Have you ever had one of those moments when a speaker says something that shakes you to the core, leaving you thinking about his or her comment for days and weeks to come? I was shaken this way recently when I heard a speaker say “The poor are anyone who can’t cope with life.” When I think of the poor, I generally think of people in other places that don’t have money or about people in oppressive circumstances. These generic definitions don’t include me at all, so the idea that I might be in poverty was shocking. I don’t know about you, but I feel like I can’t cope with life in various ways from time to time. Fear, loneliness, anxiety, responsibility, and yes, sometimes money and oppressive circumstances leave me unable to cope. I don’t want to diminish the extreme examples of poverty in our country and others that I, from my socio-economic status don’t come close to experiencing. However, I believe that Jesus engaged with many different kinds of impoverished people from socially impoverished lepers to the spiritually impoverished but religiously powerful Pharisees.
I work for InterVarsity Christian Fellowship at Arizona State University (InterVarsity is a ministry to college students). My job is highly relational and highly administrative. For all the face time I get with students, there is a lot of planning, calling, emailing, and prepping. I dislike administrative work immensely. It’s hard for me. During last school year, there were many times I would be planning for a leadership meeting and feel stuck, at a loss for where to go next in the planning process. Then I’d feel silly and slightly ashamed that something so (seemingly) trivial could cause me such duress. I was sitting at my computer one afternoon planning for a few meetings I had that week as well as drafting a talk I was giving soon. I switched from project to project writing a few words here and there but, getting bored and distracted, anxiety creeping in, I was feeling terrible that I was so bad at my job. When my wife came home and asked how my day was, I was so mad at myself for being a captive to administration that I didn’t want to share with her.
Am I really poor if I get anxious because of administrative tasks? Isn’t that belittling the issue compared to the suffering of so many? Isn’t this just a silly, trivial story? In light of the extreme examples of poverty around us, we have to ask where is the threshold when our suffering “makes the cut” and God sees our impoverished state? What does Jesus have to say about my administrative challenges?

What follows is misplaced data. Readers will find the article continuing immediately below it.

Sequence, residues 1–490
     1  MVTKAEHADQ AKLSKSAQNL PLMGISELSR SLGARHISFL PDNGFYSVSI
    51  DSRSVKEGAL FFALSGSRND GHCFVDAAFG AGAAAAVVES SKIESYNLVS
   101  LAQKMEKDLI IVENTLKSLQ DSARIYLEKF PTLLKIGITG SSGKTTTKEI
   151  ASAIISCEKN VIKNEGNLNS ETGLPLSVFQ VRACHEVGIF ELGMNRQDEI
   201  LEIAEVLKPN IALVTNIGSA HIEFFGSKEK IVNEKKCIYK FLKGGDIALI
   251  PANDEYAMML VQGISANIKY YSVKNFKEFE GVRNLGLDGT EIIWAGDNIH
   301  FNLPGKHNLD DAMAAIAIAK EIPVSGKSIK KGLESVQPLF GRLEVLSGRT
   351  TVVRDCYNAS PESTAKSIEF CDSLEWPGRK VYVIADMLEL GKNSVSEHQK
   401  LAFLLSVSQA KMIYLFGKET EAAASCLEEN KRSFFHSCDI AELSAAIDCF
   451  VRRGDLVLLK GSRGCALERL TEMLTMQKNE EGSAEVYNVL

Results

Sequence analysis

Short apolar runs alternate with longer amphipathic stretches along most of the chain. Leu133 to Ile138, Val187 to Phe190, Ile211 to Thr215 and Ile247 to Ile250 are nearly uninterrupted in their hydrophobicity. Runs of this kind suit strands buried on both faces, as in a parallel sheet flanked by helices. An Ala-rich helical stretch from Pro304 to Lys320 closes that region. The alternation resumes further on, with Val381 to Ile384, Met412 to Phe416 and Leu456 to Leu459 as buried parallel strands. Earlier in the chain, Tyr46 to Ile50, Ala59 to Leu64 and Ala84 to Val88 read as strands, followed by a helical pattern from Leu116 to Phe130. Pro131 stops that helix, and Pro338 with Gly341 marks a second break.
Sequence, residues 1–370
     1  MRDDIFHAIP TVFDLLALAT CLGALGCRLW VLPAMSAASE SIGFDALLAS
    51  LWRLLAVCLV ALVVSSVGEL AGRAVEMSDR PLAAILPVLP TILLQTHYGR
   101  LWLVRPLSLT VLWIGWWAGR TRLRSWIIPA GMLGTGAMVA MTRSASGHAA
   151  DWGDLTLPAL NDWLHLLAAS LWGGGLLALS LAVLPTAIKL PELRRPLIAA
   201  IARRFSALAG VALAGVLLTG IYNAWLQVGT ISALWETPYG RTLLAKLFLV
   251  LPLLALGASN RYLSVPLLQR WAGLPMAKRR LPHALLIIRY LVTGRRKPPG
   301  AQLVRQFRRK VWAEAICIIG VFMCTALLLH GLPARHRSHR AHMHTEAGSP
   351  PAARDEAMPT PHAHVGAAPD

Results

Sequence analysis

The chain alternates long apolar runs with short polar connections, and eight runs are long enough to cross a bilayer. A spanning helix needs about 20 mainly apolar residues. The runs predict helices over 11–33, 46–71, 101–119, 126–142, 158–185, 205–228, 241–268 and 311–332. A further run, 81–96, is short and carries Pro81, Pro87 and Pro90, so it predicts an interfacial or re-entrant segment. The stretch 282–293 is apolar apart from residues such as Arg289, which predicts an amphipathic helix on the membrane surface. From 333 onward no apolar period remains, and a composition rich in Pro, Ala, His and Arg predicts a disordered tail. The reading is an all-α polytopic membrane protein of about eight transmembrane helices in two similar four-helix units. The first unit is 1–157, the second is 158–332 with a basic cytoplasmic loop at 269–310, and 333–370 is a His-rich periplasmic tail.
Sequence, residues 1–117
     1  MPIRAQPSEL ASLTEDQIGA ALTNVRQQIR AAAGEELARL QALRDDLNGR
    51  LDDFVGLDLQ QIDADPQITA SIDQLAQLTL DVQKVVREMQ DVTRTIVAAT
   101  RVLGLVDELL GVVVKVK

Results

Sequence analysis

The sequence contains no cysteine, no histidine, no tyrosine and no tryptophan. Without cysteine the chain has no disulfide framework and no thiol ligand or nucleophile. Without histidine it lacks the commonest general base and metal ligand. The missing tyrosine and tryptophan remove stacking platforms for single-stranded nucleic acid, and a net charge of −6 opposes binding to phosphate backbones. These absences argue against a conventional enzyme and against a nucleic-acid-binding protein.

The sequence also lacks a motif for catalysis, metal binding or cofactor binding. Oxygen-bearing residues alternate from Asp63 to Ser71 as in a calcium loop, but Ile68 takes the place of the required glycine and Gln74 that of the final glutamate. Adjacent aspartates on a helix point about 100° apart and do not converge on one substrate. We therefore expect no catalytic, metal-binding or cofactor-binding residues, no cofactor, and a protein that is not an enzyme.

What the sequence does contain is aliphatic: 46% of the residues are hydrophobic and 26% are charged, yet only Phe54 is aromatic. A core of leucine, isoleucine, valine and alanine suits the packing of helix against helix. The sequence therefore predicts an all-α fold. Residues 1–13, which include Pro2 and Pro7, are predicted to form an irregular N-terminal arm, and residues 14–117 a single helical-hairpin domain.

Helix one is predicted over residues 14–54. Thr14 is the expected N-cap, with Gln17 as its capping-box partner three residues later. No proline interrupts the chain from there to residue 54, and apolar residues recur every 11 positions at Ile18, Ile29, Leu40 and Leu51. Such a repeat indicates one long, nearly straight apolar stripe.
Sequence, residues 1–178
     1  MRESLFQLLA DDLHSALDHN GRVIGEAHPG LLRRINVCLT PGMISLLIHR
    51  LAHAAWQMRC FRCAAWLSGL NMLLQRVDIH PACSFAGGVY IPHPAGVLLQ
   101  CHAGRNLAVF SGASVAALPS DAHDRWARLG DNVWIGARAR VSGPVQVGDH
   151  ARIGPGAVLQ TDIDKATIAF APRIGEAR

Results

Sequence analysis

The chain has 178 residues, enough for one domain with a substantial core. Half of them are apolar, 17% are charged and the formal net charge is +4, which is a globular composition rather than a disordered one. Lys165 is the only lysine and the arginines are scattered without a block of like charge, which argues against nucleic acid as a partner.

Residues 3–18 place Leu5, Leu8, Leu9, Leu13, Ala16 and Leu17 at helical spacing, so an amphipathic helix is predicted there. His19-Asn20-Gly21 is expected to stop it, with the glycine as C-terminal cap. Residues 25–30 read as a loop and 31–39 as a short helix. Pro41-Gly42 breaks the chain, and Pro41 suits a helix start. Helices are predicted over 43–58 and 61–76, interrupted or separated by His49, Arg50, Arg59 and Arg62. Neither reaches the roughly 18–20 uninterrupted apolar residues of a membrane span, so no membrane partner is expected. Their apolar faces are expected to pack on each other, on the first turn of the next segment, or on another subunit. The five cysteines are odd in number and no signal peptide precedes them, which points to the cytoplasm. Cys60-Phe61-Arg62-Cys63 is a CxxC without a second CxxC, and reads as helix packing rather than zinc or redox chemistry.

Well, if our definition of poverty is being unable to cope with life, then yes, I am in poverty and you are too if you’re honest. I was left defeated, ashamed, and feeling lost by my Gmail inbox. As embarrassing as that is, it’s true. There are countless other examples from our lives than can be identified as poverty; some are just acknowledged more by society. If Jesus recognizes a wide range of impoverished people, how does he respond to them? If you, like me, find yourself unable to cope with life, what does that mean for us as followers of Jesus?
In Luke, Jesus quotes Isaiah 60 to begin his ministry: “The Spirit of the Lord God is upon me, because the Lord has anointed me to bring good news to the poor.” He goes on to say that he will heal the broken, and free the captives. Jesus came for the poor, specifically to heal and set free. If we don’t count ourselves among the poor, can we experience this transformation? I did tell my wife that I had looked at my computer for three and a half hours that afternoon but got no work done at all. In admitting my need, I allowed Jesus to begin the process of transformation.
What happens then, after Jesus the doctor has begun his healing work? Isaiah goes on to say that those healed and set free were transformed so “that they may be called oaks of righteousness” and that “they shall repair the ruined cities.” When I am in the midst of my poverty, all I can think about is getting by; my goal is the bare minimum. All God thinks about when I’m in the midst of my poverty is all he wants me to become. God turns those who were broken into mighty oaks, deeply rooted and able to stand on their own. He turns former prisoners into artists: the repairers of ruined cities. We are not healed so we can limp around, barely functioning; we are healed so we can be as sturdy as a mighty oak. We aren’t set free so we can get by; we are set free to create. These pictures, echoing from the creation story, show a God who can transform the poor into a blessing for others.
The question is, do you have the courage to hope with God, for yourself and those around you, that Jesus’ transforming power can turn prisoners into artists and the broken into mighty oaks?
The most challenging aspect of this passage is that if we are followers of Jesus, then we, like him, have to “bring good news to the poor.” As inadequate as we may feel being in poverty ourselves, Jesus is inviting us to tell others who are poor – everyone around us – of Jesus’ transforming power as we ourselves continue to be transformed. If we acknowledge the poverty in our own lives, how much more clearly can we see it in others and tell our story of healing and freedom through Jesus? Then we will be a community of artists and a forest of mighty oaks “that [Jesus] may be glorified.”